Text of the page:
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8 Steps to a Killer Disaster Recovery Plan (Step 2 of 8)

business-continuity

When most people think about disaster, they think about Flood, Fire, Tornado, and the like. However, in today’s technology climate, a potential “disaster” can lurk in the mundane, everyday tasks. It could be a simple as an employee accidentally deleting a critical file or unknowingly unleashing a virus on your network, to a power surge destroying a piece of hardware. No matter what the cause, every business will experience outages and downtime – they key is having a solution in place to ensure that you can continue operations with no (or minimal) impact to the bottom line.

DisasterCauses

To ensure that your systems, data and personnel are protected and your business can continue to operate in the event of an actual emergency or disaster, use the following guidelines to create a disaster plan that will help you quickly recover. This is the 2nd installment of the 8 steps to a Killer Disaster Recovery Plan. If you missed the first installment, you can find it here.

Step 1 of 8 – Inventory all your hardware and software.

Step 2. Define Your Tolerance for Downtime and Data Loss.

RPORTOImageIn our opinion, this is the critical factor in defining the remainder of your plan. If you are a plumber, you can probably be in business without servers or technology for a while, but if you’re Amazon, you can’t afford to be down for more than seconds. So, the key is figuring out where you are on this spectrum will determine what type of solution you will need to recover from a disaster.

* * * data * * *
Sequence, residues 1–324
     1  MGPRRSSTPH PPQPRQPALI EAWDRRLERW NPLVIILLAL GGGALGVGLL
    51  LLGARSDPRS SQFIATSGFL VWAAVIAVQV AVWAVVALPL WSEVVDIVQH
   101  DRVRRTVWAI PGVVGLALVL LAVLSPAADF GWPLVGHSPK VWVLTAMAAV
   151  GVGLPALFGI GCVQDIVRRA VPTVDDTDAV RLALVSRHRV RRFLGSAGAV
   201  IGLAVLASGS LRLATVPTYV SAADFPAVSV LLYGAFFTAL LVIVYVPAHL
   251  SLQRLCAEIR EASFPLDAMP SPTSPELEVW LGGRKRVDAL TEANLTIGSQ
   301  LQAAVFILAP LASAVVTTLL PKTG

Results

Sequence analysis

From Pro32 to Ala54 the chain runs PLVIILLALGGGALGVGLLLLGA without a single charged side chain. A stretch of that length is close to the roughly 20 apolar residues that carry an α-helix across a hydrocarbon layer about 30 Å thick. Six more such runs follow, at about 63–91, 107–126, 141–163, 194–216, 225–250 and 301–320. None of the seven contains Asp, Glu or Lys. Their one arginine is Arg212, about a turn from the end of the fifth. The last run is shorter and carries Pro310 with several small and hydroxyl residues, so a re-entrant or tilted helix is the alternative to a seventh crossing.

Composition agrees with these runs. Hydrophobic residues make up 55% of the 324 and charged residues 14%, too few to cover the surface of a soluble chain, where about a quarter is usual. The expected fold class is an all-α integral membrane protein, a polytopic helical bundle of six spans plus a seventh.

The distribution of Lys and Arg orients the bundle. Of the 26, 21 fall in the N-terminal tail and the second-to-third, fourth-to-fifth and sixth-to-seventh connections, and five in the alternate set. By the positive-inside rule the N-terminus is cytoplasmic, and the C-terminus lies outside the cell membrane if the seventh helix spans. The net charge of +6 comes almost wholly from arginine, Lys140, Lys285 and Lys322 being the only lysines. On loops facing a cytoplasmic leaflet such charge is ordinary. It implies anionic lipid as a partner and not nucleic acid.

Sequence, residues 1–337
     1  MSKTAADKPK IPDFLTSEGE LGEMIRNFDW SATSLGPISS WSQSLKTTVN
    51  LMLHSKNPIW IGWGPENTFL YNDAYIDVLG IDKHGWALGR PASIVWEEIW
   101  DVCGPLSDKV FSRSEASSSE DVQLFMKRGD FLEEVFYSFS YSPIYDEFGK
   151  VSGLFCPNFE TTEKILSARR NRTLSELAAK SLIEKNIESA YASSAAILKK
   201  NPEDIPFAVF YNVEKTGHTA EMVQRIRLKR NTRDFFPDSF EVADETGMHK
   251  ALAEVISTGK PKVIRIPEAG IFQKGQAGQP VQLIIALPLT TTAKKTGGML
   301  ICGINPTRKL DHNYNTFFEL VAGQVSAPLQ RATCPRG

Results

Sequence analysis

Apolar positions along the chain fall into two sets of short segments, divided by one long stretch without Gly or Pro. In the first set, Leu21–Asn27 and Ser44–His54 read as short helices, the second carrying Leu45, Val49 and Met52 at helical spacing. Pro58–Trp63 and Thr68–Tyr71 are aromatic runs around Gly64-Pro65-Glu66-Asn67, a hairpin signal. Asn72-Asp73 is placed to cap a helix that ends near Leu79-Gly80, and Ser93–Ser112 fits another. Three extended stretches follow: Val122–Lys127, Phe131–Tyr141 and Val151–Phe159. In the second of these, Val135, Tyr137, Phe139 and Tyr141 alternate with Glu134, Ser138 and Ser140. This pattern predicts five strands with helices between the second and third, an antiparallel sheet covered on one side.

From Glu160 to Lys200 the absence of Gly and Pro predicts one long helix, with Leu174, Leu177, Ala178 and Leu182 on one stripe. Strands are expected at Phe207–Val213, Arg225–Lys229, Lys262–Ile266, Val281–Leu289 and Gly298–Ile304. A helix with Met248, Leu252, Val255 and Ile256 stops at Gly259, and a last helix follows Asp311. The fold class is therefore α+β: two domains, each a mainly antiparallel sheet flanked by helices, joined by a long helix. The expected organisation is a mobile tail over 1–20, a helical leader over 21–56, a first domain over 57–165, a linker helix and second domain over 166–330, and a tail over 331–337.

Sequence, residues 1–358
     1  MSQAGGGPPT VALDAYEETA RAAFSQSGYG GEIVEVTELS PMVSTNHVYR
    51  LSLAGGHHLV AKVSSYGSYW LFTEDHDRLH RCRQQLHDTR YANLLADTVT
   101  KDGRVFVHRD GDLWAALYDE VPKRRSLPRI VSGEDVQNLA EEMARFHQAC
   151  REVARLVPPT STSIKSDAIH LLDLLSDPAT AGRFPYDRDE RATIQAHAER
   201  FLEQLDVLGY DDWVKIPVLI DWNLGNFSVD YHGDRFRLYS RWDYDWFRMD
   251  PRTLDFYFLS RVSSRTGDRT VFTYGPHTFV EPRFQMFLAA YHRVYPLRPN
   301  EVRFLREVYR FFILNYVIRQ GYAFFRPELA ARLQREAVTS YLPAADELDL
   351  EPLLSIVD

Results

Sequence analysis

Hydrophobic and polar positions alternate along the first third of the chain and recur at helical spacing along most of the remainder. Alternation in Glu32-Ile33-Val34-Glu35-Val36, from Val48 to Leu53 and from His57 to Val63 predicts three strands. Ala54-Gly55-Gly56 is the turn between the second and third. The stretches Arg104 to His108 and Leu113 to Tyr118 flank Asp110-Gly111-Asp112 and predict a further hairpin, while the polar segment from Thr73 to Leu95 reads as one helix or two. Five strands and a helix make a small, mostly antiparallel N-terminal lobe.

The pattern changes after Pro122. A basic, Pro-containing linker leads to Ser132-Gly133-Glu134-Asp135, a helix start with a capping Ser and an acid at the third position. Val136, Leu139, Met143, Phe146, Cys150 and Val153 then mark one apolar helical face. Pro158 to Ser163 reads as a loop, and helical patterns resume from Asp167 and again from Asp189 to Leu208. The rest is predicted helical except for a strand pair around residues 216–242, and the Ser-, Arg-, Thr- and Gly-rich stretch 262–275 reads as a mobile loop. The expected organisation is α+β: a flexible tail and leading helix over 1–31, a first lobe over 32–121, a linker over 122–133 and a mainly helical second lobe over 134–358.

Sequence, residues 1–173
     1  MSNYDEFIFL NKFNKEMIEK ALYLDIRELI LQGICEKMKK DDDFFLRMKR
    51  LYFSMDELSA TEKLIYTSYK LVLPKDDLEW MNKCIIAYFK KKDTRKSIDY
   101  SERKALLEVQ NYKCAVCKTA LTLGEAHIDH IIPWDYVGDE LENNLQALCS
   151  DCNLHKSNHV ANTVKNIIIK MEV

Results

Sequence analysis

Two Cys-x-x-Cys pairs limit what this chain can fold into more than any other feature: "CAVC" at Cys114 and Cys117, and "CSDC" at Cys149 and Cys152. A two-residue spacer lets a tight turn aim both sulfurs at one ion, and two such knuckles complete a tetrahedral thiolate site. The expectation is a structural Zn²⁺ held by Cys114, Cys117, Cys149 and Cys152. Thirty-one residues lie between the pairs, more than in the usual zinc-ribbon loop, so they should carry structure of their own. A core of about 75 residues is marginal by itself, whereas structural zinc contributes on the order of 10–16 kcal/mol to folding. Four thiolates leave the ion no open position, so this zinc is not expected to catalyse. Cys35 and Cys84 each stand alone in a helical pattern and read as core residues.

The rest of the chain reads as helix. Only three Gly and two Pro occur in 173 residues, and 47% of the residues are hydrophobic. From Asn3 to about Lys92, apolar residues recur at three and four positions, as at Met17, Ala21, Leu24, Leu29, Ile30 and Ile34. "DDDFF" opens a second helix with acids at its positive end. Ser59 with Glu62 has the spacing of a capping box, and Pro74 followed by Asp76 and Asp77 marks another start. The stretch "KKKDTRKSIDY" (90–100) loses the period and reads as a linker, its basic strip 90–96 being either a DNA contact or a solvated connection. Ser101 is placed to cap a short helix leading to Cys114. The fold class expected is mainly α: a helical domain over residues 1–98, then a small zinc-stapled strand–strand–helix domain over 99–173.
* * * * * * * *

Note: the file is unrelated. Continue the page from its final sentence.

“Evaluate what an acceptable recovery point objective (RPO) and recovery time objective (RTO) is for each set of applications,” advises says David Grimes, CTO, NaviSite. “In an ideal situation, every application would have an RPO and RTO of just a few milliseconds, but that’s often neither technically nor financially feasible. By properly identifying these two metrics businesses can prioritize what is needed to successfully survive a disaster, ensure a cost-effective level of disaster recovery and lower the potential risk of miscalculating what they’re able to recover during a disaster.”

When putting your disaster recovery plan in writing, divide your applications and data into three tiers. Tier 1 should include the applications you need immediately. These are the mission-critical apps you can’t do business without. Tier 2 covers applications you need within a day (8 to 10 hours, even up to 24 hours). They’re essential, but you don’t need them right away. Tier 3 applications can be comfortably recovered within a few days.

Once you have this matrix of applications / data, RPO, and RTO, you can then begin to determine who’s responsible for each of these applications and what technology you’ll need to deploy to meet each RPO / RTO.

Step 3 of 8 – Determine & Document Who’s Responsible for What.
Step 4 of 8 – Create a Communication Plan.
Step 5 of 8 – Let Employees Know Where to go in Case of Emergency..
Step 6 of 8 – Make sure your service-level agreements (SLAs) include disasters/emergencies..
Step 7 of 8 – Include how to handle sensitive information.
Step 8 of 8 – Test your plan regularly.